VEIKK A15 Drawing Tablet (10x6)

Over the last few years, there's been an increase in people joining the digital creation market, and there's never been a better time to invest in some equipment than now, with a large assortment of affordable graphics tablets to choose from.


**The VEIKK A15 Drawing Tablet was reviewed using hardware provided and sent to us by Veikk, but in no way influenced the review.


There are a heap of various brands fighting for your money, and Veikk hopes to sway you towards their A15 line of drawing tablets - but does the A15 compliment your creative flair?


The answer is, in a nutshell, yes.



The £59.99 A15 is a very slim and lightweight graphics tablet, and if you've ever seen entry level Wacom or Huion tablets, the A15 at a glance looks very familiar. There is a great looking red dial that surrounds the Veikk logo in the top left, but it's worth noting that on this version of the A15, the red dial isn't interactive like it is on the Pro version.


Underneath that, there are 12 customizable hotkeys, which is an excellent amount, and these can be configured in the downloadable Veikk driver software, and they work well, with a satisfying click.


(NOTE: within the driver software, be sure to tick the 'Windows Ink Space' to get variant width lines)



Veikk have been reasonably generous in the package, with a good selection of extras included in the box:

  • A15 Tablet

  • 1 x Passive Pen

  • 1 x USB Cable(Type C)

  • 20 x Replacement Nibs

  • 1 x pen clipper

  • 1 x Pen Pocket

  • 1 x Artist Glove

The x20 replacement nibs is a very welcome addition when opening the package to a drawing tablet, as well as the always handy artist glove. The USB C connection is also such a nice thought on an otherwise 'budget' tablet, and helps with the tablet being used for both left and right handed users - which is something you wont get on a lot of other graphics tablets.


In use the A15 works as it should, with 8192 levels of pressure sensitivity (for reference, the 5-inch Wacom Intuos ctl-4100k provides just 4096 levels of pressure sensitivity for £69.99) and provides a very responsive experience.


The pen itself is battery-free, which is similar to the Wacom line, and is chunky, but light when in use. There are two programable buttons on the pen, both of which are placed so they are easy to reach, but not so that they are pressed by accident. Whilst the pen doesn't scream out luxury like a Microsoft Surface pen or the Apple Pencil, it feels well made, and the matte black finish compliments the tablet as well - although from a design point of view, I would have personally added a red ring around the pen to match the tablet.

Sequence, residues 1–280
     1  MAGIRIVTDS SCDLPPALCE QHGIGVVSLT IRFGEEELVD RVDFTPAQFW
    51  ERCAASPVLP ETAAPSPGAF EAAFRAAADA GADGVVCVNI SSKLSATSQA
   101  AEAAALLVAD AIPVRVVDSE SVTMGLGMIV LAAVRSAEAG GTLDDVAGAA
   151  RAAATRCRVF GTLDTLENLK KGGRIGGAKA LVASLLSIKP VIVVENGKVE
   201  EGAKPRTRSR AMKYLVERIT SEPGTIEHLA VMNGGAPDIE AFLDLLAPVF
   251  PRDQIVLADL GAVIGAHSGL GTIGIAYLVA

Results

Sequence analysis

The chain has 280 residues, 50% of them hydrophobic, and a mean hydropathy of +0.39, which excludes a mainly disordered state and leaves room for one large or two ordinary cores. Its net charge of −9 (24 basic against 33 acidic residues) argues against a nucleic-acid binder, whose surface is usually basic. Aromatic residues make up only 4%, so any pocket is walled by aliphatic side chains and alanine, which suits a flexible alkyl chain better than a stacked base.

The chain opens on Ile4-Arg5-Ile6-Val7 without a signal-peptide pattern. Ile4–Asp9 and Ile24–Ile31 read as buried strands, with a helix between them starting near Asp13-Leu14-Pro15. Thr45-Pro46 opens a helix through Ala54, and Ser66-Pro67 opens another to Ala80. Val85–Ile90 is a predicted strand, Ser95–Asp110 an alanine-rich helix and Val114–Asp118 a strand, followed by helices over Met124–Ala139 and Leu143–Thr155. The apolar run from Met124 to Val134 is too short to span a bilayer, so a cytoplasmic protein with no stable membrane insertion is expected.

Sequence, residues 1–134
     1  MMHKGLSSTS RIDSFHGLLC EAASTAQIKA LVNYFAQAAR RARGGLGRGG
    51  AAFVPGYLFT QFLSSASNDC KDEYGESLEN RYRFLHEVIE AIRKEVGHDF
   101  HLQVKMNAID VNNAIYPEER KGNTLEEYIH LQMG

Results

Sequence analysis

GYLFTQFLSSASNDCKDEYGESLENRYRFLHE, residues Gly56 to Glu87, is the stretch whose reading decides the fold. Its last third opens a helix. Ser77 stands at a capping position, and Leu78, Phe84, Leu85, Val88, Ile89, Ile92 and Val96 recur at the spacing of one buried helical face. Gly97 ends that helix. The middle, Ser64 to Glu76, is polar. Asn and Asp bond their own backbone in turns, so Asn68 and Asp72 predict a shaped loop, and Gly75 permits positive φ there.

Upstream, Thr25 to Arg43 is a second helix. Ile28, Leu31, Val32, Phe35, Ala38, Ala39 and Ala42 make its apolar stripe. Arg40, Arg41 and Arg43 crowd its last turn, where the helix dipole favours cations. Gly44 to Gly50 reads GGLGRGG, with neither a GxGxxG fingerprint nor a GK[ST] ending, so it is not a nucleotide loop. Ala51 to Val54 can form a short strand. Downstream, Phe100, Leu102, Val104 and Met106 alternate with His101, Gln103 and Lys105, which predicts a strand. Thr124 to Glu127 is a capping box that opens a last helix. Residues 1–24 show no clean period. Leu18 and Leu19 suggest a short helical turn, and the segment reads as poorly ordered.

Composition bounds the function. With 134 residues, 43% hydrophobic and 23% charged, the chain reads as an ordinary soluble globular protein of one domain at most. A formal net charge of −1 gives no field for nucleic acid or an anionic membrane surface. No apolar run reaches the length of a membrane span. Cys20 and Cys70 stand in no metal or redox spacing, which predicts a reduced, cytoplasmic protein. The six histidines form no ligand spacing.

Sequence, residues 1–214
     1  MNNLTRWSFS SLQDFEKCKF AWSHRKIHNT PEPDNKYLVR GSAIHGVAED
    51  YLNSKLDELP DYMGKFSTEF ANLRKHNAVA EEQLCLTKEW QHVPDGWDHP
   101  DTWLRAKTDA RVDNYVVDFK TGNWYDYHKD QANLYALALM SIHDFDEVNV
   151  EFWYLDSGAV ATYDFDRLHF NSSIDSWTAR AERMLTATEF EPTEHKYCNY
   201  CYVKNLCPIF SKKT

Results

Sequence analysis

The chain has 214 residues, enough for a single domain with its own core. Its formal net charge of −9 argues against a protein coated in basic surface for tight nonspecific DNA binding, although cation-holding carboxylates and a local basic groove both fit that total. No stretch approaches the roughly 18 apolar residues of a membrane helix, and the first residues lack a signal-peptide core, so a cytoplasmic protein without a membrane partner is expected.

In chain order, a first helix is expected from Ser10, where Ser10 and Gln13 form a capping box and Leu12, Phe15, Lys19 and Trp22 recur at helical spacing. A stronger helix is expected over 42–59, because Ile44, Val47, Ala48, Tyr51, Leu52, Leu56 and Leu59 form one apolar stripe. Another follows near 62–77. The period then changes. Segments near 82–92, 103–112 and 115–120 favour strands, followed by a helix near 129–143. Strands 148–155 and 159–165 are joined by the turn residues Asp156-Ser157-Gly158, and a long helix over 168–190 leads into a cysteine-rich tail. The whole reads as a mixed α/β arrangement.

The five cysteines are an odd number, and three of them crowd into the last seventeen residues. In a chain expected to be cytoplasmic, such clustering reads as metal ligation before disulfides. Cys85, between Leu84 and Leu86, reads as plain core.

I used the A15 with Adobe Photoshop and my go-to drawing app Leonardo and the A15 doesn't disappoint in use, with a good amount of real estate to work on and the function keys making production faster as you work.


My biggest criticism isn't of the A15, but of myself - as I've work primarily on display tablets for last few years, going back to a display-less tablet was hard to do, but that's no fault of the A15, that's just me having to get accustomed to it again.


After around half an hour, I got back into the swing of things, and the A15 performs very well, and I was able to get a comfortable feeling when testing it in Photoshop and Leonardo with the 8192 levels of sensitivity proving to be accurate when in use. Below are some of the quick pieces I did for the review, and even though it's been a good number of years since I've done any digital art with a display-less tablet, it was quite easy to get back into the swing of things.


I originally did the tests for the review and started this write up, but then I thought I'd try some extra tests - I headed into the driver software and began changing the hotkeys to the keyboard options I would use in Vegas Pro 18, and began editing a video - the results were very good! It was surprisingly easy to edit a video using the pen, the hotkeys providing great replacements for the keyboard shortcuts, and the Cal and Dan Play video for Deep Rock Galactic was all edited entirely using the A15.


VERDICT

Overall, the Veikk A15 is a great tablet for both beginners and veterans alike - although I will always prefer to work on display tablets as they feel more natural to work on, the A15 works very well, and for the price, it's an excellent addition to Veikks ever growing portfolio of graphic tablets, and I look forward to seeing more from them.



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